Wednesday, May 8, 2019

My Dogs Are Smarter Than Me

It took me a long tome to realize that my dogs were smarter than me.

Here is an instance that helped bring me closer to that realization.

I was hunting in a boat about 10 years ago, cruising a levee with a nice breeze coming off the land toward the boat, with me were Maurice and Frank my two best dogs at the time, and I could tell the dogs were winding something. Then I saw some movement up in front heading south and turned the boat into the bank to let the dogs out. When they bailed out, one went north and the other south. I immediately got angry at the northbound dog, He was going the wrong way! A least that is what I thought.

I moved up to the front, grabbed the bow line, jumped out of the boat and looked north. Maurice was stretched out like a greyhound, smoking hot, and running in overdrive on the tail of the north-bound hog! There were two hogs moving in opposite directions, with a dog right behind each one. Right before Maurice could sink his teeth into some nuts, the hog made a hard right hand turn and Maurice was moving so fast, he passed him up, put on the brakes and did a 180' turn. Meanwhile the hog leaped into the air and landed in the water about 10 feet from land. He did make but a few strokes before Maurice leaped into the water he was caught on the ear. If he couldn't out run Maurice, I assure you he wasn't going to out swim him either.

Now let's analyse this in retrospect. Based on my limited view there was one hog, From the dogs point of view, based on winding the hogs, there was more than one and they each went and found their own hog. It wasn't my plan, but they were one dog situations, doing it their way. And at that time, I didn;t believe in hunting one dog at a time. I liked to double team a hog. Problem with that is they usually have enough help and catch before I get there. And that is dangerous.

Here is another scenario which is similar.

I sold a two year old, Catahoula/Plott, dog named Amos, to a guy named Kendall from Meridian, Mississippi. He drove about 5 hours to get to me and claimed he needed a dog to produce caught hogs now, or he would lose his hunting priviledges with the farmer who owned the land and was suffering serious crop damage.

He was impressed with the 9 month old dogs he saw in my pen, but decided on the two year old named Amos. He asked how much I wanted for the dog and I told him the dog was worth a thousand if he was worth a dime. But I would help him out and sell the dog for $500. He asked if I would take $400. (Little did I know, I was dealing with a dog trader at the time)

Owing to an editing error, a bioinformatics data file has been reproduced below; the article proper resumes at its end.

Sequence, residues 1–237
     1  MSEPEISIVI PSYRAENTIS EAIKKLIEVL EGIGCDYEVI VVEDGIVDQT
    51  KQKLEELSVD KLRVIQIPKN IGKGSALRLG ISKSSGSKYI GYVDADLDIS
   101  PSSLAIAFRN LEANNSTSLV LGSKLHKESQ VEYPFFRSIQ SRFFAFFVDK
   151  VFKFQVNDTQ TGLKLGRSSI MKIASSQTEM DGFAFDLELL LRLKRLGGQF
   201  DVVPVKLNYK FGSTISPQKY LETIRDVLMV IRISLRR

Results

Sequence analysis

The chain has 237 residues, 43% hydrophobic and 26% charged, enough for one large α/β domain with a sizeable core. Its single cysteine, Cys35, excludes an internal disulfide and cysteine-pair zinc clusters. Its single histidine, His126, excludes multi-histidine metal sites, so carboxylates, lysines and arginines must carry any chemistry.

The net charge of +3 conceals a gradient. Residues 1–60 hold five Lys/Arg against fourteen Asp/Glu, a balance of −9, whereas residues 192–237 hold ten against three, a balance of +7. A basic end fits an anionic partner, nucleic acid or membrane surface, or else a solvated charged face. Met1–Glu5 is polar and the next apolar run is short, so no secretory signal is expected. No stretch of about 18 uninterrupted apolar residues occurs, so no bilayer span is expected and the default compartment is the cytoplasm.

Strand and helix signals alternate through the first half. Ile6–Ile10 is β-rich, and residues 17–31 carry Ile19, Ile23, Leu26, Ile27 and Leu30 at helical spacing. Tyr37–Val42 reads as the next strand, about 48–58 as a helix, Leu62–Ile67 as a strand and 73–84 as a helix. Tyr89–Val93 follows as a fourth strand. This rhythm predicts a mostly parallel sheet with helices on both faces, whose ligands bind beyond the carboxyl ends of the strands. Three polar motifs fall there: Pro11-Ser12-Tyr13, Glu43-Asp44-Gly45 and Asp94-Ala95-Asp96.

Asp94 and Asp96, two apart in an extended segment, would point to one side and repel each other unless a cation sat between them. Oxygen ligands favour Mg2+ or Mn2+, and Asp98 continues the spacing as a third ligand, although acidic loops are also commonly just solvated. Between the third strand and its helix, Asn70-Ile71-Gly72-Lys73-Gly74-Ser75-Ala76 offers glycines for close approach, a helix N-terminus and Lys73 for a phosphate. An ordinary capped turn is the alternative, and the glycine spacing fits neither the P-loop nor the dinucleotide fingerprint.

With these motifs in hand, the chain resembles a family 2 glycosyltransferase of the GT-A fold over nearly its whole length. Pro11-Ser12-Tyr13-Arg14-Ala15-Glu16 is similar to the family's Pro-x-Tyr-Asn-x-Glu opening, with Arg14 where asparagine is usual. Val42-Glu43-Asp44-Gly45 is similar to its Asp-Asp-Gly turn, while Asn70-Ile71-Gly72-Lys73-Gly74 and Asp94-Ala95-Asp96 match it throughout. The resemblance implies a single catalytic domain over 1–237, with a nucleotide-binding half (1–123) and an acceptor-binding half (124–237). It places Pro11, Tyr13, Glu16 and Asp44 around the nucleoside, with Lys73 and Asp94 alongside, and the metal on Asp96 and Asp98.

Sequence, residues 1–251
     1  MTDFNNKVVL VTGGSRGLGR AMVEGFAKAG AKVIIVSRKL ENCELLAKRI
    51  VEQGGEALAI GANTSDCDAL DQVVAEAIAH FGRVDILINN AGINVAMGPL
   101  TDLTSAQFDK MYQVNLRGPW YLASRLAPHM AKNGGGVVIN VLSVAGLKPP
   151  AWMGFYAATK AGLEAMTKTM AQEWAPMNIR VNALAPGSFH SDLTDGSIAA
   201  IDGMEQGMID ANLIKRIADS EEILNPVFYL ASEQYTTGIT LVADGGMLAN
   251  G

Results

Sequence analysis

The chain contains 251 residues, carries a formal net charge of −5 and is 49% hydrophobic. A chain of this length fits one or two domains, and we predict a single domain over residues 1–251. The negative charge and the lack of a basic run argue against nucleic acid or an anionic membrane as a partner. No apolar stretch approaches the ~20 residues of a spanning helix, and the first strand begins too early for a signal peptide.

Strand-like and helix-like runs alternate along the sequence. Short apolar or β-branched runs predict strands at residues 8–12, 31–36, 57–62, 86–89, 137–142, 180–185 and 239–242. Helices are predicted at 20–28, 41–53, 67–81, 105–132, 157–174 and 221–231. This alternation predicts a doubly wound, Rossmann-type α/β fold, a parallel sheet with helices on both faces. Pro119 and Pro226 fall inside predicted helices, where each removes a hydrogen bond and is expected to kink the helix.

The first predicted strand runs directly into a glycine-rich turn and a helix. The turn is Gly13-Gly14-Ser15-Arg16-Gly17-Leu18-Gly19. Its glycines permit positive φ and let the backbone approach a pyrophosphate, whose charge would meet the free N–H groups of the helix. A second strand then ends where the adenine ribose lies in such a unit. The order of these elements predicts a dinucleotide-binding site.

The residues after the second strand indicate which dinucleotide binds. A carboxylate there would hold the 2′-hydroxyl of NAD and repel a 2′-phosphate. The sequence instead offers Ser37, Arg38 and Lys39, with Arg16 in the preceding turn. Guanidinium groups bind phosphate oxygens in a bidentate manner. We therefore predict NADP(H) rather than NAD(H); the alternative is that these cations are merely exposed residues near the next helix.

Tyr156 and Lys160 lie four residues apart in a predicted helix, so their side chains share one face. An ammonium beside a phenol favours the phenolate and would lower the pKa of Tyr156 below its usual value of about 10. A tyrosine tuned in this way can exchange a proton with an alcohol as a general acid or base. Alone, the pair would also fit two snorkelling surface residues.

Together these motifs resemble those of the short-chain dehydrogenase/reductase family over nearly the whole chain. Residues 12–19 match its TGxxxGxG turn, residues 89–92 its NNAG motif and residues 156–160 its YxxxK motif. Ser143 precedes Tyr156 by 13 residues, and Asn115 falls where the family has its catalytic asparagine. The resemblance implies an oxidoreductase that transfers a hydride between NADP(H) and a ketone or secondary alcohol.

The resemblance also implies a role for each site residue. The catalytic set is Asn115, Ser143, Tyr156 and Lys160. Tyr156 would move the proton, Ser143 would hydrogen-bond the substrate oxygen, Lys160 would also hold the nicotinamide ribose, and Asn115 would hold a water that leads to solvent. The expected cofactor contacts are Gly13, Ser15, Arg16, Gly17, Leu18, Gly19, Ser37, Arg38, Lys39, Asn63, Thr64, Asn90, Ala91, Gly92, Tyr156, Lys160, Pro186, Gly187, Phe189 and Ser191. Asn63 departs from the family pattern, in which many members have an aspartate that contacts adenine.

Anyway, he took Amos and caught 4 out of 5 hogs he got on in less than a week. Looked good to me. Mission accomplished.But I was about to be played like a woman who is told what she wants to hear by a man who has selfish covert motives and is trying to get into her pants.

So next weekend, calls me up and advised me he didn't like the way the dog hunted, cuz it was hanging around his feet after he walked around this big briar patch and knew there was a hog in there because the tracks were all going in and none coming out.

I asked him what was his next move, and he said he was going in with the dog and see what happened. Later that day we talked and he advised me that after he walked into the briars, Amos went on ahead and found a sow, bayed till he got there, and caught on command, when he got close enough. In fact he caught two sows about 200# each in the same briar patch that same day about half hour apart. As he was tying the first hog, Amos went and found the other one and kept it there until he was in sight and once again Amos caught when help arrived.

I said congratulations, and he said he couldn't believe the dog was laying down at his feet when there were hogs less than a 1/4 mile away. I said the dog has been with you less than two weeks and doesn't know you yet. Until you walked in and he knew he could count on you to back him up, why hunt? He is an excellent short range dog and you have caught 6 out of 7 hogs you got on in two weeks. What is the problem? The dog is only two years old! Give him time to get to know that he can trust you to back him up!

Well he says he will bring him back and trage him out for an other dog, I said no problem, I got people standing in line for Amos.

Bring him back, I got you money right here. He says no, I don't want the money back, I want to trade him for another dog. I said OK, no problem.

Meanwhile Charlie Fontenot is planning to meet him at Fort Bayou in a few weeks and they start talking on the phone and Charlie says you are crazy if you get rid of that dog. Do you realize you may never find another dog so valuable again, and for only $400?

Charlie went on to tell Kendall that he has always caught more hogs with short range dogs because you don't spend as much time on the chase. A good short range dog that is gritty enough to stop a hog and back up and wait for help doesn't have to chase because the hog doesn't run unless there is too much pressure.

So after talking to Charlie, Kendall calls again and advised me that he decided to keep Amos, because Charlie convinced him of how valuable the dog was.

And about a week later, the next call I get from Kendall he advises me that he sold Amos and wants to come get another one. I said no! NO! NO!

I had already lined up another customer who was waiting for Amos.

Now my new customer and myself are left hanging out to dry.

I don't mind him changing his mind and keeping the dog, but it looks like maybe he sold the dog to another man in Meridian who I gave Kendall,s number to as a reference, so he could call Kendall and verify my claims about the dogs I sell.

I have never heard from either of them since.

I believe Kendal thought he could play me and do it again and again.

Meaning: Come and buy a dog for cheap from someone who is trying to help you after you pretend to be their friend and don't have a lot of money to spend and resell it for big money, and make money off of my hard work again and again.

Come on! A two year old Catahoula/Plott cross who is finding and catching hogs all by hisself is worth a lot of money.

Then there is John Meyers in the Sour Lake, Texas area.

John took Chester, a son of Scarlet and Elijah, who was already finding hogs all by hisself before he was a year old.

John took Chester and claimed he got killed, and offered to pay me the $500 he owed me for the dog the day he claimed Chester got killed. I told him don't worry about the money now, we can settle up later.

Well later I called because I needed the money and never got a return call. Then someone else who had got screwed over by John, filled me in on John's dog trading business and how there were many people harrassing John for the money he owed them on dog deals gone sour.